Mobile GIS & LBS
Matt holds an MSc in Geography and GIS. He has been working with clients solving problems with GIS for over 17 years. Matt founded WebMapSolutions whose mission is to put innovative, intuitive GIS driven applications into the hands of new and existing users.
ArcGIS Online: 6 Things to Like About the New Mapping Platform
July 21st, 2013 by Matt Sheehan
After a year of working with ArcGIS Online (AGOL), we had a round table last week among our GIS developers and asked the question “what are the 6 things you most like about ArcGIS Online”. The results of our informal poll are below:
1) Web Maps – we all agreed the use of a single web map to express all map layers was a big deal. In the past too much work was needed by the developer to reach out to different sources for layers, and to deal individually with each layer (projection etc) before it was displayed. The web map has simplified that process, they form form the base for Web and mobile maps and development. They can also be embedded in a web page, rather like a youtube video, see our contact page for an example. Now that is cool.
2) Authentication and Groups – being able to control who has access to your data was often a request our clients had when it came to ArcGIS Server development. It meant we had to develop custom authentication services. The ArcGIS Online Portal has authentication built in. Marvelous. Our code is simpler, and our clients have a greater level of control over data access.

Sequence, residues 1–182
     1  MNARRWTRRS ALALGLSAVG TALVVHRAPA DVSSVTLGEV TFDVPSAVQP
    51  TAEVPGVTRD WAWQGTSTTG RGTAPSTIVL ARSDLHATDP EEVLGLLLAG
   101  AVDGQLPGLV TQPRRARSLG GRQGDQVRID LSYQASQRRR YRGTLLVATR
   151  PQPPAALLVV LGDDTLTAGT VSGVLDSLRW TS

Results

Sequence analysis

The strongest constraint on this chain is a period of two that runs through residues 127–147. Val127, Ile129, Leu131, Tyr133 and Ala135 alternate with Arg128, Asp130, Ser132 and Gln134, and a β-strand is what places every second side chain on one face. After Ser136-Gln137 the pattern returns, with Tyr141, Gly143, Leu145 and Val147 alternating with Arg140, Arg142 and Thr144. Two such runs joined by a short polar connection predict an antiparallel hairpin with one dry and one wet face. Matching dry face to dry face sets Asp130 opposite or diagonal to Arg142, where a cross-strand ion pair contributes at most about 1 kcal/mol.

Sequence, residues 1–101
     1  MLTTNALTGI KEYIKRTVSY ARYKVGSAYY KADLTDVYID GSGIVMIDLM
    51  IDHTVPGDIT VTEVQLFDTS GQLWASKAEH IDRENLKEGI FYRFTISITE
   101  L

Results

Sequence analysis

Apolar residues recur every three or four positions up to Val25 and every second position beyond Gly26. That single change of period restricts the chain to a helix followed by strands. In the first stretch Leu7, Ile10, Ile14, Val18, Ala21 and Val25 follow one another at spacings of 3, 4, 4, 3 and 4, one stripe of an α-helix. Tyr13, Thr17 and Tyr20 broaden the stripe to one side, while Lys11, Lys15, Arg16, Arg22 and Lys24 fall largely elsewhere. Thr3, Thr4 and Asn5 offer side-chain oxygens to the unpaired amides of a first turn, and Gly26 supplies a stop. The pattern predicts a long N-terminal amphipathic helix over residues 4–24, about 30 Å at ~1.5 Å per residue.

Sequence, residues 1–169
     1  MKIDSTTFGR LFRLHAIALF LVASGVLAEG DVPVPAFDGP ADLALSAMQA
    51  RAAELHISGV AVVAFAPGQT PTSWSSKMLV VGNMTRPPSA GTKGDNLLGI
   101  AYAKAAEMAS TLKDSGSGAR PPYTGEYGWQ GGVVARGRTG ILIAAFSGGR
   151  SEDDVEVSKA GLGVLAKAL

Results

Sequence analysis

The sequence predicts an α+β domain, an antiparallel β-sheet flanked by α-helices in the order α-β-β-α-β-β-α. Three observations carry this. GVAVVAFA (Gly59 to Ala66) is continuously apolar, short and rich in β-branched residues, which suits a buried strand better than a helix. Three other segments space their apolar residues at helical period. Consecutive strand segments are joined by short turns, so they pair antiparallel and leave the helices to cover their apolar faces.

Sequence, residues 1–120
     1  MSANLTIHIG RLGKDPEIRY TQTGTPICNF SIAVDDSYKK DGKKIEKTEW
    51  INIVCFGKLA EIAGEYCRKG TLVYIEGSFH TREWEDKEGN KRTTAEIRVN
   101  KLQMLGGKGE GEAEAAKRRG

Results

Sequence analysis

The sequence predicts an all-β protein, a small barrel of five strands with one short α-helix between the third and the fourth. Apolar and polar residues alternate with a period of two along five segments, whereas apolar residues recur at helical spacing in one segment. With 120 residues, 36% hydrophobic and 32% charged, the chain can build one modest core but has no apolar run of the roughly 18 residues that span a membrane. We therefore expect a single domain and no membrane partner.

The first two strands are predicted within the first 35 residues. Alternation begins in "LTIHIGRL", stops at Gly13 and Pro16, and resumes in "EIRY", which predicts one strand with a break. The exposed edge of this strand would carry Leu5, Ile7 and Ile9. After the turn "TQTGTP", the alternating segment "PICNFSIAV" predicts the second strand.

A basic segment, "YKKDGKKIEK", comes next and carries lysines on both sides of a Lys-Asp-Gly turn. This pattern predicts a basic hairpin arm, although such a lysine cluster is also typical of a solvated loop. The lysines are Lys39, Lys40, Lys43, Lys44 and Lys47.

3) Data publishing – simplicity and empowerment when it comes to data publishing we agreed were key advantages of AGOL. It is now easy for users with limited or no GIS training to publish shapefiles, csv and other data sources to ArcGIS as layers. Combining these layers into a single web map is also easily done. Esri have made working with a complex GIS server like ArcGIS now very easy. That empowers WebMapSolutions clients, and simplifies the work of GIS developers.
4) Hosted Feature Services – these are the equivalent of WFS in the open source world. They are editable layers, and are one of the options presented to users when publishing data to AGOL. For those who wish to view and edit shapefiles on a mobile device – a common request and one which demanded extra developer work and time – publishing data as a hosted feature service is pure simplicity.
5) Free Data – Esri have been very smart in providing free base maps with AGOL. This steps us past the days when developers/clients needed to hunt around for appropriate base map data for their area of interest. Users still have the option to publish their own base imagery, or purchase high resolution imagery through AGOL. But the mere fact that so much base map data is available for free in AGOL is a huge benefit.
6) Desktop Integration – the ability to centralise geodata in one cloud based location is huge. This has made it possible for companies such as ours to provide applications fo field workers; online/offline editing for example. For non GIS users such as our Parks Finder application, executive dashboards to improve managements data access and decision making. But what about the GIS analysts; those who remain at the core of processing and analyzing GIS data? Esri’s decision to integrate the 10.1 desktop products such as ArcMap with AGOL has allowed analysts to access to all AGOL web maps and services. We like the fact that AGOL serves all GIS users including those using desktop products, and increasingly an ever wider non GIS audience.
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